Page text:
With [Player Career Mode] having barely changed outside of its menu aesthetic and a handful of new training drills since FIFA 16, it’s getting harder and harder to excuse.

Last year’s street-set Volta mode returns with a new two- to three-hour campaign (and online co-op), but Career Mode continues to be a footnote in EA’s mind.

The “Manager” side of career mode adds the likes of a 2D match simulation feature that feels ripped straight from Football Manager, only with the ability to jump in and play out key moments (or the whole game) yourself, and it works remarkably well.

There are new training routines to implement, and finally, loan-to-buy deals to consider when investing in new additions to your squad.

“Player” mode, however, fares much less favorably. With the mode having barely changed outside of its menu aesthetic and a handful of new training drills since FIFA 16, it’s getting harder and harder to excuse.

Despite the focus on Ultimate Team (perhaps understandably, given the revenue it generates), Career still lacks a huge amount of features. Players can’t step off of the bench, for example, meaning you’re either in the match-day squad or you’re not, and there’s still no real way to earn a move to your dream club other than requesting a transfer and hoping for the best.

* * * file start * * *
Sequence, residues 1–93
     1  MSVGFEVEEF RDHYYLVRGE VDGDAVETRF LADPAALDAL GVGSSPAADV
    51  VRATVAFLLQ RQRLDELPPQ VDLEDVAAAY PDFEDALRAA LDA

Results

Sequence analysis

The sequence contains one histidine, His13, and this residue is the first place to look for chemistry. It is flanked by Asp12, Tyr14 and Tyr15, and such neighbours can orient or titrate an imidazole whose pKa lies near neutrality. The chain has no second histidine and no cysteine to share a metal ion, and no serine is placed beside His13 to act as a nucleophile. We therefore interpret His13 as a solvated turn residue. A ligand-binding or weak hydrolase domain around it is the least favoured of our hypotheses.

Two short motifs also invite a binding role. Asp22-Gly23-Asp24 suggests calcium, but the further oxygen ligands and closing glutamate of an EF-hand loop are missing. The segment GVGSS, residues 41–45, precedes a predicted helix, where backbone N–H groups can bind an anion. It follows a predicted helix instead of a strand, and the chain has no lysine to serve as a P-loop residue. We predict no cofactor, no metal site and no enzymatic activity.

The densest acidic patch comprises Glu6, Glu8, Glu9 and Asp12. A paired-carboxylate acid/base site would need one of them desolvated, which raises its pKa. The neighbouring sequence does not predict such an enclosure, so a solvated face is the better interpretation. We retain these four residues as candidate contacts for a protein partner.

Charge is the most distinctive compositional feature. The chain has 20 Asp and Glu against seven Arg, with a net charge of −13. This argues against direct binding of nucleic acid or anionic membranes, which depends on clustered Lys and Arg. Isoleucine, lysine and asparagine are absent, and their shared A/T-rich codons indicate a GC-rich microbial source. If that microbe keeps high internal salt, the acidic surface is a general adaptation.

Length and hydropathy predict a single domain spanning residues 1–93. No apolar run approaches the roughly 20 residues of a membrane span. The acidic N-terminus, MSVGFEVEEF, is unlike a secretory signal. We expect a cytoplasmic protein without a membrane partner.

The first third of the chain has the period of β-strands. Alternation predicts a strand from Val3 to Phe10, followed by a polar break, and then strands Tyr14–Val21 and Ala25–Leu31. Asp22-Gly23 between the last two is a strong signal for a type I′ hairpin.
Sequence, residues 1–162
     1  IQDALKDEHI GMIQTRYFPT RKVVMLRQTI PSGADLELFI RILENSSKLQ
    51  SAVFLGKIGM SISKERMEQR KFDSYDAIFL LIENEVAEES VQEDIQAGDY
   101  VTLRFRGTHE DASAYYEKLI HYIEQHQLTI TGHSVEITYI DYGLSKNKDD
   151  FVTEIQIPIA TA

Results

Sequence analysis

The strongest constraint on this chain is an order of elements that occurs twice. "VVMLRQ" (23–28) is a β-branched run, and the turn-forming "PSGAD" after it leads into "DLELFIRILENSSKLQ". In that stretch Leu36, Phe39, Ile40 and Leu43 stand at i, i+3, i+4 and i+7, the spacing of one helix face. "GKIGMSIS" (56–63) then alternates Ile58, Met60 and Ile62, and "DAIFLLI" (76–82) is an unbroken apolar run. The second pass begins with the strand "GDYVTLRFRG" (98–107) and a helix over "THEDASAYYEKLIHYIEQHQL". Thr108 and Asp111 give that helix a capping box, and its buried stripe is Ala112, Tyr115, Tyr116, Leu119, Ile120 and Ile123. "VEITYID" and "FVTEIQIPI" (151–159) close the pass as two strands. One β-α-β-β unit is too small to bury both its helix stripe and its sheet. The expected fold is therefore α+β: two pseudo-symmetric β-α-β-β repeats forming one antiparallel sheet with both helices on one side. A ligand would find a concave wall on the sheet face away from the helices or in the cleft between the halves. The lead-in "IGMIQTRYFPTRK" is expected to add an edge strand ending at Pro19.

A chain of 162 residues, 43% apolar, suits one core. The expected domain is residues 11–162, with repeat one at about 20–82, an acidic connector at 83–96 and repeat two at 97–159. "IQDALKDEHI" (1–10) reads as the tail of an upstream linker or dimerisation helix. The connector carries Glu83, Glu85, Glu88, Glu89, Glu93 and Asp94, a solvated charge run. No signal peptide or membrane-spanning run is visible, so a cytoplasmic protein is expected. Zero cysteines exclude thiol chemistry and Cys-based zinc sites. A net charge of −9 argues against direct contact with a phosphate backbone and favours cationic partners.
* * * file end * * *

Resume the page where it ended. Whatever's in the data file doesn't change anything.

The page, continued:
FIFA 21 Review —The Bottom Line

Pros

  • Each match feels less predictable than FIFA 20
  • Manager Mode offers fun new ways to influence games by jumping in
  • Fee upgrades to the next-gen versions

Cons

  • Player career is the same as it has been for four years
  • Goalkeepers are prone to rushes of blood to the head

Just as with Mesut Ozil, FIFA 21 shows plenty of talent in areas where it applies itself. However, just as with Ozil, it neglects some of the fundamentals it needs to succeed, freezing out Player Career Mode entirely and offering very little off the pitch that we haven’t seen before.

Still, on the pitch, FIFA 21 offers great tactical gameplay despite some wobbles, and it seems primed to continue that into next-gen.

Our Rating
7
On the pitch, FIFA 21 remains the best it's ever been, but it's arguably not changed enough for longtime fans in almost any other way.
Reviewed On: Playstation 4

Contributor

Published Oct. 12th 2020